§ Harry Cohen
To ask the Secretary of State for Education and Skills what the authorised uses of the pupil identification number are; whether the use of the pupil identification number for non-education purposes is permitted; if he will bring forward legislation to prevent the use of the number for non-education purposes; and if he will make a statement. 
§ Mr. Stephen Twigg
The purpose of the "unique pupil number" (or UPN) is to facilitate the collation of information about pupils accumulated over the course of their school career and so to create profiles of their progress. These profiles are built up from the Pupil Level Annual Schools Census (PLASC) showing the whereabouts and status of the pupil each January in terms of (for example) the school they were attending, their special educational needs, eligibility for free school meals and ethnic group, plus information obtained separately from schools, marking agencies and exam boards on their results in Key Stage assessments and public examinations. The profiles are stored in a National Pupil Database.
A small number of technical staff engaged in collating the pupil level data and creating the profiles have access to pupils' UPNs and names. Analysts in the Department and partner agencies (Ofsted, QCA and LSC) have access to anonymised profiles for use for statistical purposes only. LEAs, and through them schools, can access the profiles of their own pupils (including UPNs and names in this case) in order to till gaps in their own data which have arisen through information being lost as pupils move from school to school.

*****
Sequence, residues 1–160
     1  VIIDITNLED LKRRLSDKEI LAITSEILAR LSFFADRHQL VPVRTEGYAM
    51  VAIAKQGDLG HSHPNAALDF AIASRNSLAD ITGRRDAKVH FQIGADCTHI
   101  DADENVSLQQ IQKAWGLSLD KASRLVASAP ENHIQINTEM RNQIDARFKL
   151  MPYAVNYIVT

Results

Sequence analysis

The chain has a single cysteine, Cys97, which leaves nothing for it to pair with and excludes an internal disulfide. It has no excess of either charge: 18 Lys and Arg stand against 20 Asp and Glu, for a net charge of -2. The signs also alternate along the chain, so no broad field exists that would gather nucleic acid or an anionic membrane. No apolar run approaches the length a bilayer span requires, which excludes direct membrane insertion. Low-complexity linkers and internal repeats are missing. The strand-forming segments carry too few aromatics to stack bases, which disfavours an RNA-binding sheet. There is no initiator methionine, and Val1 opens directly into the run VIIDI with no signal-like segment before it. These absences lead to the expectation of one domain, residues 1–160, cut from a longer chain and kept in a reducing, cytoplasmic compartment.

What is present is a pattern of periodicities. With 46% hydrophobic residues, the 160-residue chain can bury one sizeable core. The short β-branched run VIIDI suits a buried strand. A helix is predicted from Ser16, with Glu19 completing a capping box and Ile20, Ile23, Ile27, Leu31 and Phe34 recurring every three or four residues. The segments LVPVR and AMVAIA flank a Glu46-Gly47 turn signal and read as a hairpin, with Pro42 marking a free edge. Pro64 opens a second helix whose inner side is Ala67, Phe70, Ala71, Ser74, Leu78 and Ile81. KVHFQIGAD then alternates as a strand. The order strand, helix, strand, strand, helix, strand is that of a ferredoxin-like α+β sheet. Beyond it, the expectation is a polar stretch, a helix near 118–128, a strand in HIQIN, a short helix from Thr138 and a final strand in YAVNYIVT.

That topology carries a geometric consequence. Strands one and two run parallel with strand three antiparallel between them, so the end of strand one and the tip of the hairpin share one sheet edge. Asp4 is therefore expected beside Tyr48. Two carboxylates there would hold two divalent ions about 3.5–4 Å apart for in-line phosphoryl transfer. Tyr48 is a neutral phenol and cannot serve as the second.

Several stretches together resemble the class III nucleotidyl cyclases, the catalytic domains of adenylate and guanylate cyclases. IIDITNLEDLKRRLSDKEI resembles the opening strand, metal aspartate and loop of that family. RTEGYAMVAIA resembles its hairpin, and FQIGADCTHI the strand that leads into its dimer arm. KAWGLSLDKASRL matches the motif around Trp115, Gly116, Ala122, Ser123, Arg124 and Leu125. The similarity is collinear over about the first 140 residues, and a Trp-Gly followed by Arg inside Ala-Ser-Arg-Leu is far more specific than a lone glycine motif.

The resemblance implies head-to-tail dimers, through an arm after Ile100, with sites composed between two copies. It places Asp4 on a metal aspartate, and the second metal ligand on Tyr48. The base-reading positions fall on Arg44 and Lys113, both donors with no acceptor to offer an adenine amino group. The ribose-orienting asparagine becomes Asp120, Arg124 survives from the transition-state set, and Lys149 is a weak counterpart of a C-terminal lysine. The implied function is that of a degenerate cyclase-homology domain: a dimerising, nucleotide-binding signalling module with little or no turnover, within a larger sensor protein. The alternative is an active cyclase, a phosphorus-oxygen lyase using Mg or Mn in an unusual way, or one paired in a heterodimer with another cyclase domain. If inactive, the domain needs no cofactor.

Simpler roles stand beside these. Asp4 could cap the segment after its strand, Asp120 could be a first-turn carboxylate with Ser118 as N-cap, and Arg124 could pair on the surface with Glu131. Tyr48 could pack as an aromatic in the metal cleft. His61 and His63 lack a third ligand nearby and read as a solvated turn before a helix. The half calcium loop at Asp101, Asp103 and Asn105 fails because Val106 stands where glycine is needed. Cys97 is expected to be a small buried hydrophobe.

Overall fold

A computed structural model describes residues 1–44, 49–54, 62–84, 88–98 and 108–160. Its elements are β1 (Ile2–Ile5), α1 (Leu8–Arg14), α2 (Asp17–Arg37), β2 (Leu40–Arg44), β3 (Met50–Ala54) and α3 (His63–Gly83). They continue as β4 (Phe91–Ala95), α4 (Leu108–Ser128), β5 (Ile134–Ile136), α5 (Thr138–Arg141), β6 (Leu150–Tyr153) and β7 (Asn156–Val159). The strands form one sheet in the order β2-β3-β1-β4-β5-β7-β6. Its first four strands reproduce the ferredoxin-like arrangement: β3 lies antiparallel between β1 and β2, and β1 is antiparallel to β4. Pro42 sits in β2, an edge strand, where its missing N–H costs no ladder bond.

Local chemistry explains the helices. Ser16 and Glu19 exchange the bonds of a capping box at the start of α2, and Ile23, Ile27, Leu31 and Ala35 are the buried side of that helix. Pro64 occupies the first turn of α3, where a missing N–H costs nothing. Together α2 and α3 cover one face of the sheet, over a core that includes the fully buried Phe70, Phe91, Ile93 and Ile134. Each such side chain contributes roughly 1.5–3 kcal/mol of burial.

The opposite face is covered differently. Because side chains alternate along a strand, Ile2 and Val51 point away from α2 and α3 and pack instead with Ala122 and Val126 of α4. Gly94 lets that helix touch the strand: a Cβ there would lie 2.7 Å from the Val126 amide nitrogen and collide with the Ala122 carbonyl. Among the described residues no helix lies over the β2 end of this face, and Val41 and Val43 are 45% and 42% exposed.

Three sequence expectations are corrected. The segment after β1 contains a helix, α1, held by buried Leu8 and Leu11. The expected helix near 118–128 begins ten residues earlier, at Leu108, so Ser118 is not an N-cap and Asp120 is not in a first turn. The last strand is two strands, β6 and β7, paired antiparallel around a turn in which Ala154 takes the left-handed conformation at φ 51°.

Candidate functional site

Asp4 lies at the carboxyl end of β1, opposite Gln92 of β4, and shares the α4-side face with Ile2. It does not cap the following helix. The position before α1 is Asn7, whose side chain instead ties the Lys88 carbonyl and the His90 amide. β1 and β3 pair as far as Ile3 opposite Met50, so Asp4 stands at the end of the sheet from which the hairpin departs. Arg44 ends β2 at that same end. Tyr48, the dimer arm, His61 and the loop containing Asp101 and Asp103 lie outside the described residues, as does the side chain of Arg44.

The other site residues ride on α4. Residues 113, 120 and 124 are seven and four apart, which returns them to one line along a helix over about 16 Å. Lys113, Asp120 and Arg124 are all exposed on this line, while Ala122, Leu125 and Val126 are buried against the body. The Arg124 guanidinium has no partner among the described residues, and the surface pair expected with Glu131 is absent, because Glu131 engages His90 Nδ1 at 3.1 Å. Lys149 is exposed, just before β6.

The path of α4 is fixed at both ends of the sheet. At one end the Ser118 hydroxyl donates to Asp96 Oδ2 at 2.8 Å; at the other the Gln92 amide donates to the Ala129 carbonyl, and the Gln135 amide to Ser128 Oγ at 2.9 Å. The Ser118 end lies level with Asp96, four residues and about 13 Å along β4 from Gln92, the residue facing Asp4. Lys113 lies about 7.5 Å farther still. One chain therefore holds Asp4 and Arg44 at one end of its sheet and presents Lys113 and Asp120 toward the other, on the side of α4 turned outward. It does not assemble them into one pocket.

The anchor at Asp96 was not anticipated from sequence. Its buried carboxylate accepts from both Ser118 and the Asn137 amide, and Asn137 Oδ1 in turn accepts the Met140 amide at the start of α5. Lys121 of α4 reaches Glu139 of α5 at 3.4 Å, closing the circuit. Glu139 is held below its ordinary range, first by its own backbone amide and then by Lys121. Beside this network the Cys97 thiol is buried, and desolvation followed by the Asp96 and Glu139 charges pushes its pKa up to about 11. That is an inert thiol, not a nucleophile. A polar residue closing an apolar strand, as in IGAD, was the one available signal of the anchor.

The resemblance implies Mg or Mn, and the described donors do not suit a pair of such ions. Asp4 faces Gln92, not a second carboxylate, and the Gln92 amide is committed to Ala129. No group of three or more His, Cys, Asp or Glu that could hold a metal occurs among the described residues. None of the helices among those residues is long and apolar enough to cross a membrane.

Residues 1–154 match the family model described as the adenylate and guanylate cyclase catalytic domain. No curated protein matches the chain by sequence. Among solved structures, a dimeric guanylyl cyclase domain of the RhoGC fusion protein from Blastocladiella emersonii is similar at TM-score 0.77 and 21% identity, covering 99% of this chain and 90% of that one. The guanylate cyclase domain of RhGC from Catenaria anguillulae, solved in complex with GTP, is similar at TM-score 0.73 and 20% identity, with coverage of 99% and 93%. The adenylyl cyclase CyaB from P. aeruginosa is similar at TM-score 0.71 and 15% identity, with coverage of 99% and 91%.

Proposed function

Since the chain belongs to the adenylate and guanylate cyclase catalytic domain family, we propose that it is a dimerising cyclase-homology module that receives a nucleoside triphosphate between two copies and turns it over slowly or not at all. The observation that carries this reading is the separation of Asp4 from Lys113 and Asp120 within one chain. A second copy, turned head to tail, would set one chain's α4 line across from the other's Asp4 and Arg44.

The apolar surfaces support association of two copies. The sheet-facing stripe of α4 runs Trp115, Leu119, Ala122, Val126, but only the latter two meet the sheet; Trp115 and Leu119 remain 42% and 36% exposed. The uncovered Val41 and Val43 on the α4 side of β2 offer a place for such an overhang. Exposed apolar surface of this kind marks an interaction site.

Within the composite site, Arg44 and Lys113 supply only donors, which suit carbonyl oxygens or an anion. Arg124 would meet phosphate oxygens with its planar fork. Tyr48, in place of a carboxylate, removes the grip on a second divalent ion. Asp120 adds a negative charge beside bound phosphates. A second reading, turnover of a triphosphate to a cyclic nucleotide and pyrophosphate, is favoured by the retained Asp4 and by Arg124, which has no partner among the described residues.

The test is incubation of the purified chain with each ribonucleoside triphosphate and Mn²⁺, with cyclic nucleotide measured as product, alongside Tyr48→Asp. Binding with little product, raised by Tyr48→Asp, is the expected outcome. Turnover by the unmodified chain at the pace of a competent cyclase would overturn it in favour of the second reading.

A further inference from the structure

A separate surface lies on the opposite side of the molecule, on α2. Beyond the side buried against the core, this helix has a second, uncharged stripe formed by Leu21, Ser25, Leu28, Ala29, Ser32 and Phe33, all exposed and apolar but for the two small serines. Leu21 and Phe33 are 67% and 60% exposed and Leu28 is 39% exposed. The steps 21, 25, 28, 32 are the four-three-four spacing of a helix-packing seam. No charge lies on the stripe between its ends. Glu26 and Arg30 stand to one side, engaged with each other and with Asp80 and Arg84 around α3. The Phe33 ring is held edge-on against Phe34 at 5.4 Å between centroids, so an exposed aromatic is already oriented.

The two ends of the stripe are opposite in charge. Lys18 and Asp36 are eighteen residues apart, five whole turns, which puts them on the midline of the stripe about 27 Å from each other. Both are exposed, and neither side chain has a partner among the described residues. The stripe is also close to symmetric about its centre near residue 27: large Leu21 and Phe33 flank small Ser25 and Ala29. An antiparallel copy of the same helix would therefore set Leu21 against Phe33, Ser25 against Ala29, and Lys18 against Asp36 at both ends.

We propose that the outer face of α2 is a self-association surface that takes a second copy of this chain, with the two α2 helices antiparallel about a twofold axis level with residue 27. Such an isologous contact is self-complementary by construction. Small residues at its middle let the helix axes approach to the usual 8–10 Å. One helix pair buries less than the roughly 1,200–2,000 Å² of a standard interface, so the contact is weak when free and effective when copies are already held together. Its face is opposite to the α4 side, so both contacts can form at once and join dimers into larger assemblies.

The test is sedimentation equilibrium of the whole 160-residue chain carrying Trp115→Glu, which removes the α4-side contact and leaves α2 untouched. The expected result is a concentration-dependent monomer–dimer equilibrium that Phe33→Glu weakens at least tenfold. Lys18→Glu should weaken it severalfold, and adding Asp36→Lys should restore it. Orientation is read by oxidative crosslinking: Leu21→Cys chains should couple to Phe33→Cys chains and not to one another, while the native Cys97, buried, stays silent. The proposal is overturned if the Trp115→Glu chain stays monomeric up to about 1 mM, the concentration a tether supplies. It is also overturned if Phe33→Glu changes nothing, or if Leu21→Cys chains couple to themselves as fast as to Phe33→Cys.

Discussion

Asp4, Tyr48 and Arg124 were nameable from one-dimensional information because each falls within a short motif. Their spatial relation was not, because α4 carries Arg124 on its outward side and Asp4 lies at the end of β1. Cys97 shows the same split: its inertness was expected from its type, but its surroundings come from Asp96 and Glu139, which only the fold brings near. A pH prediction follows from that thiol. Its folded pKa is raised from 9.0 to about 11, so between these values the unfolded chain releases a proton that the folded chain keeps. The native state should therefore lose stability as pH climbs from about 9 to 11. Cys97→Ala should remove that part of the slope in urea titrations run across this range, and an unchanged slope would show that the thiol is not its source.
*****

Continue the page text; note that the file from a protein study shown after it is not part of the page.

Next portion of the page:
Analysis of the profiles in the national database provides schools, LEAs, the Department and its partners with major new information to support standards raising and other policies such as ethnic monitoring. Schools are also helped to make appropriate provision for their pupils by being able to obtain from the national database more complete information about them.
The introduction of UPNs in 1999 was preceded by extensive discussions with the then Data Protection Registrar. The system is operated in a manner agreed with her in order to minimise any threat to personal privacy which might be posed if access to and use of UPNs and the National Pupil Database were not properly controlled.
The use of UPNs for non-education purposes is not permitted. There is no evidence that any agencies or organisations have attempted to use UPNs improperly for non-education purposes. If such evidence began to emerge, powers exist under the Data Protection Act 1998 which would enable the Department to set out in a Parliamentary order the permitted uses of UPNs, thereby rendering their use for any other purpose illegal.